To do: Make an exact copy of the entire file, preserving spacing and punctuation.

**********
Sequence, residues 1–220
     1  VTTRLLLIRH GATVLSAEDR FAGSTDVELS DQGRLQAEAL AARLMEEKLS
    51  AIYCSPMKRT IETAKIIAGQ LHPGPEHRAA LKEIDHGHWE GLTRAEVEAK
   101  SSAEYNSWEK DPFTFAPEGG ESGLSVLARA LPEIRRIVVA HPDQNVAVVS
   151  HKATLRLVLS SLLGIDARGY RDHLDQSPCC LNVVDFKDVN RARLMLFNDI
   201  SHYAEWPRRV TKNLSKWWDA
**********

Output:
Sequence, residues 1–220
     1  VTTRLLLIRH GATVLSAEDR FAGSTDVELS DQGRLQAEAL AARLMEEKLS
    51  AIYCSPMKRT IETAKIIAGQ LHPGPEHRAA LKEIDHGHWE GLTRAEVEAK
   101  SSAEYNSWEK DPFTFAPEGG ESGLSVLARA LPEIRRIVVA HPDQNVAVVS
   151  HKATLRLVLS SLLGIDARGY RDHLDQSPCC LNVVDFKDVN RARLMLFNDI
   201  SHYAEWPRRV TKNLSKWWDA